Wednesday 23 October 2019

Win stokes memories of the race that never was

WHEN DARYL JACOB crossed the line on Neptune Collonges at Aintree on Saturday, the whole county celebrated as he became the first Wexford-born jockey to win the Grand National.

However, those who can remember back to 1993 will recall another Wexford man who came close in what has been immortally dubbed 'the race that never was'.

John White managed to cross the line first riding Esha Ness, however the race result was declared void due to a false start.

The 1993 Grand National was marred with problems from the very beginning. Firstly animal rights protesters invaded the course near the first fence. A first false start was declared when several riders got tangled up in the starting tape. At the second attempt the starting tape once again became tangled, this time around the neck of jockey Richard Dunwoody, and again a false start was declared. However this time, the red flag did not unfurl and as a result, 30 of the 39 riders set off around the track oblivious to the call.

More than half of the riders realised that the race was declared a false star before the second circuit, with 14 riders continuing on.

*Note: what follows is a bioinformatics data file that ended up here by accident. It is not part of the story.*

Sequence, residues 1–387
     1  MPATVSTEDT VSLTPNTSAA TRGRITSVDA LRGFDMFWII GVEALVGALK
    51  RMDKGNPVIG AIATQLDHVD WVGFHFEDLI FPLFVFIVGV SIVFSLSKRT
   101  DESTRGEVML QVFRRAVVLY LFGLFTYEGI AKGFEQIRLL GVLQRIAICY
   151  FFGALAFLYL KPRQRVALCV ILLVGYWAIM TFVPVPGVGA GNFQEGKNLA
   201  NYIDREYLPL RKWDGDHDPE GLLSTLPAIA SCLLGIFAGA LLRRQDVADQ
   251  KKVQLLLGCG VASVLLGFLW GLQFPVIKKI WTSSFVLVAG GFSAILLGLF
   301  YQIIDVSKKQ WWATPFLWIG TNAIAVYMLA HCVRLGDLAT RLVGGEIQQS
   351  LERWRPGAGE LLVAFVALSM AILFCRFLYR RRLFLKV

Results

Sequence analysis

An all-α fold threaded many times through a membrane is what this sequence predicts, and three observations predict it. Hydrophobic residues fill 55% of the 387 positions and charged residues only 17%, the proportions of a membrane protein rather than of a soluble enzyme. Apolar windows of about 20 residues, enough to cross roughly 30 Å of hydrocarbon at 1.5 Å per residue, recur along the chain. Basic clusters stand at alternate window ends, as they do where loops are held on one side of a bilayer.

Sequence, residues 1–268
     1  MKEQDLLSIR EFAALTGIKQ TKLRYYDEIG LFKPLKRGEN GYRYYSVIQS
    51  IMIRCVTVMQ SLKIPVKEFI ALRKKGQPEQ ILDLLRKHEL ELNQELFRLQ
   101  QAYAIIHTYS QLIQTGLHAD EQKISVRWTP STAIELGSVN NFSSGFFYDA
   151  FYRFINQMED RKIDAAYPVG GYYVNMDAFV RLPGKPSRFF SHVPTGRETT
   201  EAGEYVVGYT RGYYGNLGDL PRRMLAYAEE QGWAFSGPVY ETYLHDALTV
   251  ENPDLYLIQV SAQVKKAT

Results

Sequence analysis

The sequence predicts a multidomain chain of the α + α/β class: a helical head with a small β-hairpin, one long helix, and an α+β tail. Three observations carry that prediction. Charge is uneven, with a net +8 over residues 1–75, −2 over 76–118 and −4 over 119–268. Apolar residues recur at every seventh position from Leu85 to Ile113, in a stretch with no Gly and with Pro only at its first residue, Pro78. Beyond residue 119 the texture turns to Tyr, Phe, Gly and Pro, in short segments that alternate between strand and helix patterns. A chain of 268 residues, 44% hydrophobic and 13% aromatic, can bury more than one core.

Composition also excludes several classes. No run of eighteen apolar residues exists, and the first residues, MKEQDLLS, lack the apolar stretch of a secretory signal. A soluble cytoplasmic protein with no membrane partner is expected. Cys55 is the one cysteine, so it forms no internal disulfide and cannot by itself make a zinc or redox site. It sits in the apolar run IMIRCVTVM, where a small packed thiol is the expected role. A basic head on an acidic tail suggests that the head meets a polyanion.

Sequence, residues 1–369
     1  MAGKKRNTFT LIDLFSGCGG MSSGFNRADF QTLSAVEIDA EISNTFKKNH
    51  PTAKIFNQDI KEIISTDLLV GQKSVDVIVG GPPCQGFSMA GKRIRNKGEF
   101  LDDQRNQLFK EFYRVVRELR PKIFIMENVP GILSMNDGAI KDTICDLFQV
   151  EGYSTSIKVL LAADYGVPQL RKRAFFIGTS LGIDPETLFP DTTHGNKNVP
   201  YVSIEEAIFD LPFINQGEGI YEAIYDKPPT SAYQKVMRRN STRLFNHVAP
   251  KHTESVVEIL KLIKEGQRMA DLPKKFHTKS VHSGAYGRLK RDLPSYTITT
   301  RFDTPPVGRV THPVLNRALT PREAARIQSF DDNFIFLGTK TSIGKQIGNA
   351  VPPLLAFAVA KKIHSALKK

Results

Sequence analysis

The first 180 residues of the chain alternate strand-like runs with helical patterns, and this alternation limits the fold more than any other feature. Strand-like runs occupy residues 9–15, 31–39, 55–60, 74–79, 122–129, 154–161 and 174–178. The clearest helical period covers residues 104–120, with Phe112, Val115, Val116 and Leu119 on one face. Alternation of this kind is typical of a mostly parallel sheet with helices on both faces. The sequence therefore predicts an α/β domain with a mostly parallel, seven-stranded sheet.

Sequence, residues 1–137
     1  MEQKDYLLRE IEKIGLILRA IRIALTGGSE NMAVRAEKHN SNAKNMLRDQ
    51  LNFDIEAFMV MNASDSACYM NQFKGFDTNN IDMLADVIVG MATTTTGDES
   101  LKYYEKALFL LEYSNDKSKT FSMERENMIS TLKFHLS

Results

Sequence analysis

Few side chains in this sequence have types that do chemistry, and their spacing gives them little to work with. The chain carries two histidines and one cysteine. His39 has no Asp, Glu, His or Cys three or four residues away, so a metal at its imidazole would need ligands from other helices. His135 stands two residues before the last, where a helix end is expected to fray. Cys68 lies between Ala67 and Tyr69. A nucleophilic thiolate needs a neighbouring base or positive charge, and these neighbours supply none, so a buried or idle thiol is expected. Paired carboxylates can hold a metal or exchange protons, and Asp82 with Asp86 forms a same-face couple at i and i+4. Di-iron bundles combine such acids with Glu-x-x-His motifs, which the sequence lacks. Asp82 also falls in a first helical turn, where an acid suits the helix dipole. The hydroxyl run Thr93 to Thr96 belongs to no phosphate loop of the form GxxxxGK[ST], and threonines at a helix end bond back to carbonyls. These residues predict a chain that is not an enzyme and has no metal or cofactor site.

John White crossed the line believing he was the first Wexford Jockey to win the Grand National.

He had no idea until he was told afterwards that there was a problem. He had noticed that there were fewer horses, but he assumed that the others had fallen. Whilst a lot of fingers were pointed at starter Keith Brown, John doesn't put any blame on anybody in particular for what many call, 'the biggest mishap in British sporting history'.

'The starter can only do what he can with the equipment he has.' John said, 'But I will say, if you look at it, where was the flag? It was rolled up tight in his hand. It would have been hard for anyone to see it.'

Nearly 20 years on from the calamitous episode, John still believes that there should be some change in the way that races are started.

He said: 'I think the equipment is very poor. Surely there's a better way than having three men holding fortyodd horses back with a piece of tape? It's ridiculous!'

John praised fellow Wexford man Daryl Jacob following his victory in this years race, but, knowing better than most just how cruel the Grand National can be, he was also quick to empathise with Richie Mclernon on Sunnyhillboy who missed out by a nose.

'Daryl had a great ride. He jumped well and did everything right. But then again the other jockey (Mclernon) didn't do much wrong either did he? He may never come that close again. It goes to show it's the luck of the draw really.'

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